Category Archives: Reading/reviews

How to be a Heroine (Or What I’ve Learned From Reading Too Much)- Samantha Ellis

Synopsis (by me)

In ‘How To Be a Heroine’ Ellis revisits her bookish heroines from the past and evaluates whether they really deserved to be heroines, and why they were her heroines to begin with.


I mentioned in my review of Texts From Jane Eyre that this book has probably overtaken it in terms of book I am most likely to recommend. That’s probably true, although Texts from Jane Eyre may hold a wider appeal.

How to Be a Heroine is part memoir, part literary analysis, part feminist, part religious discussion. I didn’t expect all that. I expected a book simply about books.

It was interesting to see what Ellis got from her re-reads, and what her younger self had got from her initial reads. Sometimes she couldn’t see any heroism in the characters she had once wanted to emulate, sometimes she saw that the real heroines in the books were not the ones you would expect. Of course it all came together. Even if she couldn’t see someone as a heroine now they had helped shape her.

Ellis’ storytelling was what really drew me in. I really got a sense of what life was like for her, maybe because I saw some similarities with myself (whilst also having tons of differences).  I often wanted to read the books she had described when she wrote about reading them for the first time. Sometimes her more recent images made me change my mind, which was a shame in a way, but then maybe that means I’m not in the right stage of life or frame of mind to appreciate the books as she did first time. At other times her changes of mind made me want to read things more, or just the same, but maybe for different reasons.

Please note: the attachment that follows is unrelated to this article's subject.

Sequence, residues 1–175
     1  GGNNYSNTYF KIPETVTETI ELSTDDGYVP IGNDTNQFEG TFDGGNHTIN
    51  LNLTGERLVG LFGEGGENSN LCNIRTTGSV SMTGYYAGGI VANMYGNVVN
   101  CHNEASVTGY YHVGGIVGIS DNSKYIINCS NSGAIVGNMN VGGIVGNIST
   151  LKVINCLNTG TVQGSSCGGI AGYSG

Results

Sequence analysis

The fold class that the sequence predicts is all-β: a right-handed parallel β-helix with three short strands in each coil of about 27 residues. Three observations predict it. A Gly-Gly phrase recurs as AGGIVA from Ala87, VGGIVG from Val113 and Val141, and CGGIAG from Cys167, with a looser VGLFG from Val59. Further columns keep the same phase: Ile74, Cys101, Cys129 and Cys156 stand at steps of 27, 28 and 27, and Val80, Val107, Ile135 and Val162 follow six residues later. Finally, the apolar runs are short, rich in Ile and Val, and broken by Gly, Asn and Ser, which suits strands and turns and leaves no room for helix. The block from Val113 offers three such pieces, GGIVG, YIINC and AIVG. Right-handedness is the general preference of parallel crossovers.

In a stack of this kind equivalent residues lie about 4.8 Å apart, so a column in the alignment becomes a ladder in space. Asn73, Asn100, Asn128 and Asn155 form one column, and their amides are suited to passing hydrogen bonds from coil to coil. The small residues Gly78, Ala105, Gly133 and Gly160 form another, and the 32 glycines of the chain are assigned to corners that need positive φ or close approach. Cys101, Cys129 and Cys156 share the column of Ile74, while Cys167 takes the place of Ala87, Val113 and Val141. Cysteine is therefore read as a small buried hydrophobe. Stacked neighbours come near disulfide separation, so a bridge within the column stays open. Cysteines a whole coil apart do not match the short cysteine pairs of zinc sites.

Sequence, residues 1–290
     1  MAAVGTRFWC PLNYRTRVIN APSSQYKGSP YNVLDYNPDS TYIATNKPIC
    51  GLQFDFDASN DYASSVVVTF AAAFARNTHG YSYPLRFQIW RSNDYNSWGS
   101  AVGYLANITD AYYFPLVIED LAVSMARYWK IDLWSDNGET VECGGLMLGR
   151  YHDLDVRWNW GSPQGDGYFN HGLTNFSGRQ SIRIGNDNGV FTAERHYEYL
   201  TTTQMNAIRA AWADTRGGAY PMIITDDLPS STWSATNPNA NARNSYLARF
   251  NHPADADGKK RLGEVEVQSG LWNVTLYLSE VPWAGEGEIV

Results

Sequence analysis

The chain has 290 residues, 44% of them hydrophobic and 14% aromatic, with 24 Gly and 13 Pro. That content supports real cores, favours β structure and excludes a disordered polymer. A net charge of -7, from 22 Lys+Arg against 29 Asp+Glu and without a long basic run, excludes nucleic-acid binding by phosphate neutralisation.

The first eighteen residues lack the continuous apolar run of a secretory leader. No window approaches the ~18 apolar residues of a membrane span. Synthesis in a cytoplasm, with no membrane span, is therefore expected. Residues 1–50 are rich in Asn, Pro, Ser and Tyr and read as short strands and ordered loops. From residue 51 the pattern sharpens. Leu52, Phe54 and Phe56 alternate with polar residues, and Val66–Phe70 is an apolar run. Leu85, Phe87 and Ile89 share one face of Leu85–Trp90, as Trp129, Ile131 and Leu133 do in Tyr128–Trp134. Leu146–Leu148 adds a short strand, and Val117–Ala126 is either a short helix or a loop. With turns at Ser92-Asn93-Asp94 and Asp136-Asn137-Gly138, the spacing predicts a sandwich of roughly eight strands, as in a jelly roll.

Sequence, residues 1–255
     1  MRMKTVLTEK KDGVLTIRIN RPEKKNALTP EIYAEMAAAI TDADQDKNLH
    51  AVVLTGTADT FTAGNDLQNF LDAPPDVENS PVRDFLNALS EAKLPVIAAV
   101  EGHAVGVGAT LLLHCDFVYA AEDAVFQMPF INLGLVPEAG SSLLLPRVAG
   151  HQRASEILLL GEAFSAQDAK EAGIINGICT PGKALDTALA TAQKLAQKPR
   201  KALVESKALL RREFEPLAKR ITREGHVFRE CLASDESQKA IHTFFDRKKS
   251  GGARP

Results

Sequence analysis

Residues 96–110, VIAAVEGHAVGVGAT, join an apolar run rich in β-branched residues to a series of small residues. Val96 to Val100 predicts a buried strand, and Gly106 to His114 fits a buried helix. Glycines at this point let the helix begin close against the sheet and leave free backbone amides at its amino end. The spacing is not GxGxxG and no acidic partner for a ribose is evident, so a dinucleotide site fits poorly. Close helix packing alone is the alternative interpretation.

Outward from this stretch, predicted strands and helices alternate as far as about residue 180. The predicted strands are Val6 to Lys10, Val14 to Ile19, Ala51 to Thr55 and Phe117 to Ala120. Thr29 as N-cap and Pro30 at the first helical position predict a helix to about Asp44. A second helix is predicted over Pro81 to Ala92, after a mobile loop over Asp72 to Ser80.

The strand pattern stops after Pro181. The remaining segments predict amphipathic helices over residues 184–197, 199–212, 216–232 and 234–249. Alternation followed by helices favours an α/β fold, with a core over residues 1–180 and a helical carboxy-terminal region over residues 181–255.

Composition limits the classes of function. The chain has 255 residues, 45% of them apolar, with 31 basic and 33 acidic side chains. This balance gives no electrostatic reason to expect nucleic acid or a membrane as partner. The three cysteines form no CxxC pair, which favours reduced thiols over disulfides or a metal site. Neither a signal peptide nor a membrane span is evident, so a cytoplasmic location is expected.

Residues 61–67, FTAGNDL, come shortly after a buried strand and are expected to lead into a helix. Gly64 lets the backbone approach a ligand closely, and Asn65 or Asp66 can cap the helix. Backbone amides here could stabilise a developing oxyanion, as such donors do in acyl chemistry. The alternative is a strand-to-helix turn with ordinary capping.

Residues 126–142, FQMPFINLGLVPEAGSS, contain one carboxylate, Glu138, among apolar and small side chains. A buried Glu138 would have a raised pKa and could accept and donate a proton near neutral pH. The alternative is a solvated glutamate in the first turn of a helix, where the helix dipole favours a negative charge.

I thoroughly recommend it, especially for female book readers (although there is no reason a man couldn’t enjoy it).


Buy it from amazon:

Hardback (£13.59)

Paperback (£9.99)

Kindle (£6.99)

Buy from an indie store (via Hive):

e-book (£7.99)

Other Reviews:

Lit Nerd

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Filed under Biography, Feminism, Memoir, non-fiction review, Politics, Reading/reviews

The End of Your Life Book Club- Will Schwalbe

The end of your life book club, will schwalbe, book, book review, cancerSynopsis (from amazon)

Mary Anne Schwalbe is waiting for her chemotherapy treatments when Will casually asks her what she’s reading. The conversation they have grows into tradition: soon they are reading the same books so they can have something to talk about in the hospital waiting room. Their choices range from classic (Howards End) to popular (The Girl with the Dragon Tattoo), from fantastic (The Hobbit) to spiritual (Jon Kabat-Zinn), with many in between. We hear their passion for reading and their love for each other in their intimate and searching discussions.


This book is about books, it’s about dying, and it’s about building a relationship. Will uses books to connect with his Mum. Sometimes they just choose books which they enjoy, but other times books are used to communicate with each other. Some things can be said so much more easily in words.